Fraternity, one of the three slogans of the French revolution, called for a vision of society in which all Frenchmen were brothers. This eventually evolved into a vision of the nation based on adherence to a common ideal rather that being the result of preexisting blood bonds; yet the word itself implied just that. Two hundred years later, the Polish solidarity movement declared mutual support between different groups based on their adherence to common ideals, yet it eventually evolved into a vision of nation as an organism, tied by bonds of blood. These two misnomers made for much misunderstanding; political evolution would have been much clearer had the names been reversed. The fraternity of solidarity will be examined in close detail.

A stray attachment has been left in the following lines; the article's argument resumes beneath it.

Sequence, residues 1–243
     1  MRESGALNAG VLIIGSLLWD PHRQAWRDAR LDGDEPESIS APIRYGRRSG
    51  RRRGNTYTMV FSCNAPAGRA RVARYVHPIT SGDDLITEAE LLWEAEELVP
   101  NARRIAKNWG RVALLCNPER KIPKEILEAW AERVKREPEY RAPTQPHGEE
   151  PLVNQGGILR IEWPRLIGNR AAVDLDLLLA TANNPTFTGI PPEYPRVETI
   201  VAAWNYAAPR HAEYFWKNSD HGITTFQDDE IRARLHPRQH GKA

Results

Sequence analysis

Konstanty Gebert is an author, journalist, lecturer, and political activist based in Poland. In 1976 he graduated from the Department of Psychology at the University of Warsaw. He was a prominent figure in the democratic opposition in the 1970s and 1980s and cofounder of the unofficial Jewish Flying University (1979), the Polish Council of Christians and Jews (1980), and a trade union of the employees in academia, technology, and education that merged with Solidarnosc (1980). After the government imposed martial law, he wrote and published articles for various underground publications under the pseudonym Dawid Warszawski. Gebert also served as a war correspondent in Bosnia for Gazeta Wyborcza. His articles have appeared in a variety of national periodicals and foreign media. He has written numerous books, including a first-hand account of the Polish Round Table negotiations of 1989 as well as books on French policy toward Poland, on the Yugoslav wars, the wars of Israel, Torah commentary, and postwar Polish Jewry. Gebert is the founder of Midrasz, the first Polish-language Jewish periodical in postcommunist Poland, and regularly lectures in Poland, Great Britain, France, Italy, Japan, and the U.S.